OHM will celebrate 80 years in 2023 and 4 generations of structural movers! Our history is rich in family values, hard work, dedication, innovation, and reliability. “Treat each house as if it were your own” – Aaron Oney
A.M. Oney House Moving –The First Generation: A.M. “Aubrey” Oney was a pioneer in the house moving industry. Starting a business moving houses when many had never heard of such was a big risk. House movers in the 1940’s paved the way for generations to come. They began with wooden beams and bolsters, even using entire trees for support when needed; later replacing them with steel. A.M.’s first haul truck was a 1938 single axle International. Compared with the trucks of today, they were small and underpowered. Often times multiple trucks were needed to move a single load. Over the years A.M. and his son, Aaron would upgrade trucks and equipment and develop new methods for moving houses and other structures.
A.E. Oney House Moving Co. – The Second Generation: Aaron Oney was a second-generation house mover and grew the business outside of Marshall and Harrison County. A.E. Oney House Moving Co. became well known throughout East Texas as a respectable, reputable, and quality house mover. He and wife, Sandra invested in newer trucks and equipment throughout the years. The property in Woodlawn, Texas where our office, shop, and family homes sit today, was purchased by Aaron in 1965. In addition to moving houses, Aaron began buying and selling houses as well. Throughout the years, many houses were moved to the yard in Woodlawn, sold, and relocated. Aaron, like his father, was a pioneer in the business. He took the time study a job and the structure itself. Aaron understood the importance of preserving a structure and making sure each was properly supported. He knew moving a house was more than placing a couple of beams on dollies and hitting the road. Every structure is different in the way it’s constructed, as is the terrain it will travel as it’s moved.
L.W. Oney House Moving, Inc. – The Third Generation Preparing the Fourth: Lonnie Oney is a third-generation house mover and owner of L.W. Oney House Moving, Inc, also known as OHM. Lonnie worked alongside Aaron from the time he was 12 years old when he and a friend, David Wilson, moved their first building, on their own, on the Oney yard. Lonnie purchased the business from Aaron in 2001 and has grown the business to service Texas, Louisiana, Oklahoma and Arkansas. Lonnie and wife, Kay have invested heavily in the business upgrading their fleet. With new trucks, trailers, beams, general and custom equipment, L.W. Oney House Moving, Inc. can move and raise structures previous generations would never have dreamed of touching. Like father and grandfather, Lonnie continues to focus on quality of service. In doing so, he and longtime friend and co-worker, David Wilson, have designed and built new equipment for the sole purpose of moving and raising structures that save time and reduce the amount of stress a building is under during a move. Because of those developments, Lonnie has developed a second business, Oney Transport Systems. The new business manufactures custom hydraulic trailers, air ride dollies, airboxes, custom truck accessories and more. Also working alongside Lonnie is fourth generation house mover, Kyle Oney. While the fourth generation is learning the business, the company continues to grow and expand, and Kyle shares new ideas daily. Great ideas and execution of those ideas will bring the company into a century of business and prepare it for generations to come.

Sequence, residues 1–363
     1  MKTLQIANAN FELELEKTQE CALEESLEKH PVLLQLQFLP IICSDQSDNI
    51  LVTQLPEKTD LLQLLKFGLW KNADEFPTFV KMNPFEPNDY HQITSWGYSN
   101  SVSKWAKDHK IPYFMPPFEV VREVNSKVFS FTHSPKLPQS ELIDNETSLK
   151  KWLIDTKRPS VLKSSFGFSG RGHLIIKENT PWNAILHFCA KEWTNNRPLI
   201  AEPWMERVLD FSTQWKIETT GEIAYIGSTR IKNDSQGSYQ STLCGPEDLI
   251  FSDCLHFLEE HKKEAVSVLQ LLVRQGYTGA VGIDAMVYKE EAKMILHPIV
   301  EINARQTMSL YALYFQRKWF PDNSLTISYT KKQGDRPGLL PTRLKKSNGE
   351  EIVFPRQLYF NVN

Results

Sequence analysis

House movers in the early 1900's had few resources at their disposal, but that never stopped them. Dreams and determination lead to hard work and execution of ideas. Today's structural movers continue to dream and innovate, building upon what their grandfathers started.
Every structure is unique and every route presents it's own obstacles. Taking the time to plan, using the proper equipment, even if it means building new or renting from out of state, we do what it takes to do the job right. The structure pictured above was moved using hydraulic dollies, controlled via remote.